Steadicams - a purely mechanical device - have been around for decades. A few years ago the first electronic stabilizer - using tech similar to Segways - debuted at an eye-watering $15k price.
Prices have dropped quickly, and now you can get one for an action cam or smartphone for less than $300. Now a German company, LUUV, is gearing up to offer a stabilizer that combines mechanical and electronic stabilization.
While it is heavier than purely electronic stabilizers - Steadicams use a weight under the camera to reduce shake - the combination looks to provide even smoother video, as well as effects not feasible with handheld electronic stabilizers, such as flipping the camera upside down.
360 degree video
Luna showed a tennis-ball sized camera consisting of two 180 degree cameras back to back. The camera's processor can roughly stitch the videos together, or a smartphone app will do a high-quality stitch.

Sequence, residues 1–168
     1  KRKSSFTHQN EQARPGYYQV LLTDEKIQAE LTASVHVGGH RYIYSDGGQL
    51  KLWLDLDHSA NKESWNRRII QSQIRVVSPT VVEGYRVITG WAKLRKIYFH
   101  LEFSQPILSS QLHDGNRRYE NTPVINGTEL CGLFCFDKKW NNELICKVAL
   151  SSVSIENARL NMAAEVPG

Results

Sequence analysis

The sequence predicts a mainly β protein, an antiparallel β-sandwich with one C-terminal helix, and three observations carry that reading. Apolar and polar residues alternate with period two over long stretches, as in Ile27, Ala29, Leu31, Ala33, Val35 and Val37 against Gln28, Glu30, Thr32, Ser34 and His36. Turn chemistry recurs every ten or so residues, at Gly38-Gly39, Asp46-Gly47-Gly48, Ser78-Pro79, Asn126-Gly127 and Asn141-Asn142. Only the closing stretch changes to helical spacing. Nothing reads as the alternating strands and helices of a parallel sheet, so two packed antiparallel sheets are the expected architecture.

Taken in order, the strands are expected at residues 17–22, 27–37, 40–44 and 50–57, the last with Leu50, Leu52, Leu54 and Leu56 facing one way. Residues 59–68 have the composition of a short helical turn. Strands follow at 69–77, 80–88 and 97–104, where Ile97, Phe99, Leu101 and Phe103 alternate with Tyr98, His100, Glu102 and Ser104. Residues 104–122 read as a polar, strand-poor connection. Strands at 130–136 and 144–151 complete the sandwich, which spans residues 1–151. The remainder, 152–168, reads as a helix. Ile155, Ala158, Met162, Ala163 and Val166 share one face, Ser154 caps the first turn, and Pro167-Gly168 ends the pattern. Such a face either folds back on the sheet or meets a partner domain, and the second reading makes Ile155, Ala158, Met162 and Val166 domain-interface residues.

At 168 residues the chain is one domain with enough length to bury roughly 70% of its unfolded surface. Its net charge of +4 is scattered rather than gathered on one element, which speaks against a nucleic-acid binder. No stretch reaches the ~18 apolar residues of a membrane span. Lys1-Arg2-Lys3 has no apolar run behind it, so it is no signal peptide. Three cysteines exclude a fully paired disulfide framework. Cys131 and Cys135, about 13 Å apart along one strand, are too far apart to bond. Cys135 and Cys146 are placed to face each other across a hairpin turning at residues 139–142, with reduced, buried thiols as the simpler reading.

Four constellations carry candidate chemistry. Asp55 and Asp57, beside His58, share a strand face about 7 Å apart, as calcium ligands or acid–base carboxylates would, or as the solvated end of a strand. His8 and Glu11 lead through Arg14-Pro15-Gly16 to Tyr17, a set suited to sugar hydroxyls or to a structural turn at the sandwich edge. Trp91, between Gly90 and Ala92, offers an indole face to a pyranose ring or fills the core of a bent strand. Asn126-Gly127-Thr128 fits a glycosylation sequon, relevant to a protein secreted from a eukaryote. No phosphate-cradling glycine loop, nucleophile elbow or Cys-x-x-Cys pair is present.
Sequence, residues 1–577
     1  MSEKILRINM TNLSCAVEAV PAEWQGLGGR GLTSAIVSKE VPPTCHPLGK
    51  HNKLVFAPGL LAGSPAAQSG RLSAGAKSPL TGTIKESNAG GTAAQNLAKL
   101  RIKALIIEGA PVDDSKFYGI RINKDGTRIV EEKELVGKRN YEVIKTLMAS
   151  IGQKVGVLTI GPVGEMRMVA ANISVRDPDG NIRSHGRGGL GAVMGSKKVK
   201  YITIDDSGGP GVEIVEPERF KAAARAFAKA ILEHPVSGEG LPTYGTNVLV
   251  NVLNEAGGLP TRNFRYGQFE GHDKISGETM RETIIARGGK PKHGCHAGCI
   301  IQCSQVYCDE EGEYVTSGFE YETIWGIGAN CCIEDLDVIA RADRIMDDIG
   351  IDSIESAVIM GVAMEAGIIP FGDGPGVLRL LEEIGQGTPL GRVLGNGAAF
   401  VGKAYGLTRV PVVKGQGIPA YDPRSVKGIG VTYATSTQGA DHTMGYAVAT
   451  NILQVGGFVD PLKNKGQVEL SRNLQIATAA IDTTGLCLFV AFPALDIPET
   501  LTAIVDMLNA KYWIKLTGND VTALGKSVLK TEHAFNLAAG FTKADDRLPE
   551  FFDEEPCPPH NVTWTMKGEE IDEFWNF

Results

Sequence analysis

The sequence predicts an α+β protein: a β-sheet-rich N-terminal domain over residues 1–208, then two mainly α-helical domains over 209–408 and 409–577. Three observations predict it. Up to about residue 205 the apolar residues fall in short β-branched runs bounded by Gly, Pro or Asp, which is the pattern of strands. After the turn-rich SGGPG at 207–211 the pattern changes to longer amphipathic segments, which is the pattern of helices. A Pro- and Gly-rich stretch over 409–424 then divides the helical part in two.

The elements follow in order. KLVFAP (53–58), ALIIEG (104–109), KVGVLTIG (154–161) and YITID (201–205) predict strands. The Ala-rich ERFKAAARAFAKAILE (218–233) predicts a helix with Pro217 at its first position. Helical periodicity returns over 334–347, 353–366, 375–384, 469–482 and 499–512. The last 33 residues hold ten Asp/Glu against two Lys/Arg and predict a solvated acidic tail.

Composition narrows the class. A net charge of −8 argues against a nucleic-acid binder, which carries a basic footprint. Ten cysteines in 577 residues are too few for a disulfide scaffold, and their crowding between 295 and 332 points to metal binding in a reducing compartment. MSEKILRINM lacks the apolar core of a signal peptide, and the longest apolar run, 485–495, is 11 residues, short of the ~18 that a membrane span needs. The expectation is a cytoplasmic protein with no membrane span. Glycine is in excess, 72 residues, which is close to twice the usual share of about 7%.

Intended for VR applications, the gyro-stabilized camera is waterproof and wi-fi equipped. It is available for pre-order from Indiegogo for $300.
Unlimited time-lapse camera
Enlaps - a French company - is Kickstarting a solar-powered, panoramic, weatherproof, time-lapse camera. Imagine having a week's worth of time-lapse footage - without having to tend to the camera all the time.
The Storage Bits take
Video is quickly displacing text on the web - at least as far as capacity and immediacy are concerned. The growth of consumer products that provide professional results is a good thing for producers and viewers alike.
With entire theatrical release movies being shot on iPhones, you can shoot amazing things on a very low budget. These new tools make it even easier to get high-quality results, if you know what you are doing.